Obvi not my job to decide what passes muster here, so as a separate matter will just say that nick- or pet names can be annoying or confusing (some are rather cryptic) to those who do not share them. Others here regularly use nicknames or code names (as opposed to the episodic pejorative outburst, like ~”Orange______”), including some that can be hard to figure out absent consistency of reading said commenters repeatedly in context.

                    It can be like another, sometimes highly personal, language to learn. So at least I know what PJ means.

                    And the boss decreed ‘BDTS,’ which shall live forever (but lol when I introduced a topic to spouse using that moniker awhile back, he was puzzled until I explained…).

                    Adding: I jotted this before additional comments came in and the whole thread is escalating…a lot can happen when you go walk the dog.

                    • orionATL says:

                      thanks for the advice from the land of flexibility, eureka.

                      I know some folks who would disagree with your difficulty in making a moral judgement.

                      what they would say is:

                      “whose side are you on,

                      whose side are you on…”

                      yes, I know, it is a complex world and blah, blah, blah..

                    • bmaz says:

                      Listen Orion, thanks for the hill. If a free blog cannot make simple, and reasonable, requests of its commenters, as to their insight of the hopeful import and larger audience here, then I am loathe to get your and PJ’s petty position.

                      We do not ask for a lot, but when we ask to not make us look like idiots, when we tell you that is exactly what you are doing, then sure there will be an issue.

                      Adding, I had no issue with “BDTS” originally, but I do going forward without a (Matthew Whitaker) attached thereto.

                    • Eureka says:

                      I quite clearly gave my opinions and my place, orion. I further added a note that the thread had escalated in tone all-around, seen when the page refreshed.

                      Your mocking of your caricature me is duly noted. I neither spoke to you in that spirit nor will return it now.

                      Adding: nope, turns out I will in fact add an eyeroll as to your assessment of my moral judgement capabilities.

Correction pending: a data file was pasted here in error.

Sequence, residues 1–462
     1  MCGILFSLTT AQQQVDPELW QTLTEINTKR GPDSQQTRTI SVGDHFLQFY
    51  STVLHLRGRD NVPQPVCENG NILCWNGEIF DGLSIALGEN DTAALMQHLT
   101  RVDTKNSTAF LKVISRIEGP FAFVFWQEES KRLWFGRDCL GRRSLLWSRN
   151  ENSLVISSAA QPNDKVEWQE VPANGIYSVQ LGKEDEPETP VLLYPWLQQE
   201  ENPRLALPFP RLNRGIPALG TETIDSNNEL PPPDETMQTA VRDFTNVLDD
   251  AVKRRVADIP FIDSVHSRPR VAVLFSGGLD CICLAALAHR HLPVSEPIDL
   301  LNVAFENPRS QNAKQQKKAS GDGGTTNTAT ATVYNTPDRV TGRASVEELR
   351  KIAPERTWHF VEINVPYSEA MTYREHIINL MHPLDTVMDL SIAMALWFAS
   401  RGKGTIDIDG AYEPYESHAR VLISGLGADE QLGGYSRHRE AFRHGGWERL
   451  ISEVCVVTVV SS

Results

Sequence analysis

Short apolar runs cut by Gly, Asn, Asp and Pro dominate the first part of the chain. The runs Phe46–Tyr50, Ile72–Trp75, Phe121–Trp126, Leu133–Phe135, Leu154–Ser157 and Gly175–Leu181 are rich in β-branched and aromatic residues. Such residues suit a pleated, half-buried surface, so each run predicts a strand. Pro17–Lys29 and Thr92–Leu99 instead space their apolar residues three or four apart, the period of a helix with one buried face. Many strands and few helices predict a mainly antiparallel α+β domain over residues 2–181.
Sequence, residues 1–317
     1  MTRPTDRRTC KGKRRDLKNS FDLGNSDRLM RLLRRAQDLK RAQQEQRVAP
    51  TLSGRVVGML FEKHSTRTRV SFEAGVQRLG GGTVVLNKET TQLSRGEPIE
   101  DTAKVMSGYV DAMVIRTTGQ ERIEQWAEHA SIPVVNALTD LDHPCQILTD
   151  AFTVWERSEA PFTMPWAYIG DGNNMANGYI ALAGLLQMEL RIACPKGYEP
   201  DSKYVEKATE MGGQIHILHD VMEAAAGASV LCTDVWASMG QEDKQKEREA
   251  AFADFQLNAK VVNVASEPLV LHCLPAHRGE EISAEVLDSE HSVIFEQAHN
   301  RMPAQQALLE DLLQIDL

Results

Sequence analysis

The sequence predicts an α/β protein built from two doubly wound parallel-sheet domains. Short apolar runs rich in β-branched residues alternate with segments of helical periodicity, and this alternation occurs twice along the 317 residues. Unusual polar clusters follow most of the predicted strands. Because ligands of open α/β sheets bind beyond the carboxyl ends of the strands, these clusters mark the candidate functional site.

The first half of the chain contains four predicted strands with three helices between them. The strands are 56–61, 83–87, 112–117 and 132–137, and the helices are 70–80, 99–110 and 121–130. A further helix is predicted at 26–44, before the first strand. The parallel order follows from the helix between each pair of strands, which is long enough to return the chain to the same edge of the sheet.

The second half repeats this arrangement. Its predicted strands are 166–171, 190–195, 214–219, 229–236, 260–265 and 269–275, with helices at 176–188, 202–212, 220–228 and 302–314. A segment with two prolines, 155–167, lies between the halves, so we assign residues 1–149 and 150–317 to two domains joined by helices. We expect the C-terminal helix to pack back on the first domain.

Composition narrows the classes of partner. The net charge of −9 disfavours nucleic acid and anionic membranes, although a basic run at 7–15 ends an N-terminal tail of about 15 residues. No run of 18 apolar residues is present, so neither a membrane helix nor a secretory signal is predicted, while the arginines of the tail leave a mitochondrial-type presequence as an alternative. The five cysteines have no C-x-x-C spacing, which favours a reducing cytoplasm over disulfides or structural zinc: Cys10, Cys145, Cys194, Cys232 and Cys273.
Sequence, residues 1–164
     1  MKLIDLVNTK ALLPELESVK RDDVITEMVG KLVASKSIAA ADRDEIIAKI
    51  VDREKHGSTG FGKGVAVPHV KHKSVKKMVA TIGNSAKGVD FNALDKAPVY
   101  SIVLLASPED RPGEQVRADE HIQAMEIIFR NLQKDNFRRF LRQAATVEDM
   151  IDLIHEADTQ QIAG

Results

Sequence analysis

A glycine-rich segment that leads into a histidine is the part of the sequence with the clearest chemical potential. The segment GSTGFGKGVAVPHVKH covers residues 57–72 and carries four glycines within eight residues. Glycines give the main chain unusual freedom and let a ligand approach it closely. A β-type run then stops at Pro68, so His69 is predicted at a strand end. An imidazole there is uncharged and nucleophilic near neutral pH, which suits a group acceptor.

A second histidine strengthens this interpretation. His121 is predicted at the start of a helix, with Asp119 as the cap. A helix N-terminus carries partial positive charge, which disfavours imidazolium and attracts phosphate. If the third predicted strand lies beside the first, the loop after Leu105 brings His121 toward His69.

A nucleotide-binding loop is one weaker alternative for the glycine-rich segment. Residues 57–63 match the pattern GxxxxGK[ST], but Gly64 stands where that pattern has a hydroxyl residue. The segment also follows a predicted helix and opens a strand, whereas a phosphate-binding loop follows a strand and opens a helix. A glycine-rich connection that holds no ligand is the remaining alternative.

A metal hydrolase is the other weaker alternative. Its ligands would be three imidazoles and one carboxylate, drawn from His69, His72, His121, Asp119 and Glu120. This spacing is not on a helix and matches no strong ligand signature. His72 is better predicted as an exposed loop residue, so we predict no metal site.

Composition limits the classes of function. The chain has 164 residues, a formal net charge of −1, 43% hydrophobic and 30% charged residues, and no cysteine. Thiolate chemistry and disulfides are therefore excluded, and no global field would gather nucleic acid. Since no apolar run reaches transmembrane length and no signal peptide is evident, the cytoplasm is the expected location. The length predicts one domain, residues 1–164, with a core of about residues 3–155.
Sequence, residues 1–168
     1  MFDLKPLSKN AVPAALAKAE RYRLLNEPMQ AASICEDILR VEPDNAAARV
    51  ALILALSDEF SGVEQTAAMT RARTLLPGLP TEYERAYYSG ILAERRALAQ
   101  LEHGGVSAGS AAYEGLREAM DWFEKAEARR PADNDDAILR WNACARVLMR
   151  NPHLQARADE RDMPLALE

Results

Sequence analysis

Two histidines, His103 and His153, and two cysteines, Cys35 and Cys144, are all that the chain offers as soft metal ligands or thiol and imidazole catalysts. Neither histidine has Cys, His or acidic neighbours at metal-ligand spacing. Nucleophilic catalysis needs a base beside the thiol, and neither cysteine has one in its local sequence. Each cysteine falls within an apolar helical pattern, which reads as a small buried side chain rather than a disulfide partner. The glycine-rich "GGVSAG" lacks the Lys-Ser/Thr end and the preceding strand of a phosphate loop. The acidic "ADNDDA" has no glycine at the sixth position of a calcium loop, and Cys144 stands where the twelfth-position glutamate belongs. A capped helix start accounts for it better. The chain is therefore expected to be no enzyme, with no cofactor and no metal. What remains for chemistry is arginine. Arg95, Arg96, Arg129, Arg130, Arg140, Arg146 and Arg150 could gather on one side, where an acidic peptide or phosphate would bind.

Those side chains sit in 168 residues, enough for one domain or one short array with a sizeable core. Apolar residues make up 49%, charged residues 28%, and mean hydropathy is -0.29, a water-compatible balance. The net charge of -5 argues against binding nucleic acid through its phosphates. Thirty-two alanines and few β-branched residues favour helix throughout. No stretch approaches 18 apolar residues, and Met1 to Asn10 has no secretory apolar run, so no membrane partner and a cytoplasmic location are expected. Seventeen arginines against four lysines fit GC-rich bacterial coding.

• oriknATL says:

                  you deep sixed my comment, bmaz. bad move!

                  what needs to happen with your bullying here is that Twitter needs to see it in action. to see it in your own words without editorializing.

                  then people will get to know the real, abusive bmaz, not the lovable curmudgeon. just the real-life growling cur!!!

                  • bmaz says:

                    This is a lie by a person that thinks he runs this blog. Instead, it is a person that has no clue whatsoever what we deal with, and how we do it.

                    But, as always, the feels of a couple of commenters are FAR more important than the work done here.

                    This type of shitbaggery is exactly why most blogs no longer have comment sections. We have a comment section. It is a good one.

                    We do not ask, nor demand, money and subscription to host the same. We have very few asks at all. If you think you are too good to comply with even those, including not making us look like idiots with asterisks and dumbass names for the President, then I just don’t know. I have a hard time seeing why this is too much to ask.

                    • P J Evans says:

                      Bullying is always the wrong move, even when you’re a part-owner.
                      It makes you (and by extension ew) look bad, because you’re trying to force everyone else to write to suit you.

                      Maybe you need some time away, to get your bp down and your head clear.

                    • bmaz says:

                      PJ, I do not need jack shit, I am fine.

                      “Bullying”? Heh, you mean the repeated requests that have been made of you and others to not make us look like idiots with commentary? Those requests have been politely made for a very long time. You seem to think “your” own petty rhetorical mindset is more important than the interests of this blog. Probably you think your asterisk is more important than the blog.

                      Take your own blood pressure medications. What I do not need is people telling us what to do, and insisting that their own petty and idiotic refusal to actually spell the President’s name, is more important than what we do here. Take that shit and shove it.

                      I have put my life into this blog for well over 12 years. You are a beloved and critical commenter. Don’t pull this crap.

                    • orionATL says:

                      I have repeatedly copied my comments here, bmaz – in context of yours and others.

                      you need to display all I wrote.

                    • bmaz says:

                      Dear Orion: Again, I am the one that approves your comments. Stop being a jackass. And, no, you have no idea in the world what we deal with. If you and PJ cannot deal with even the most minimal requests from us, then I don’t know.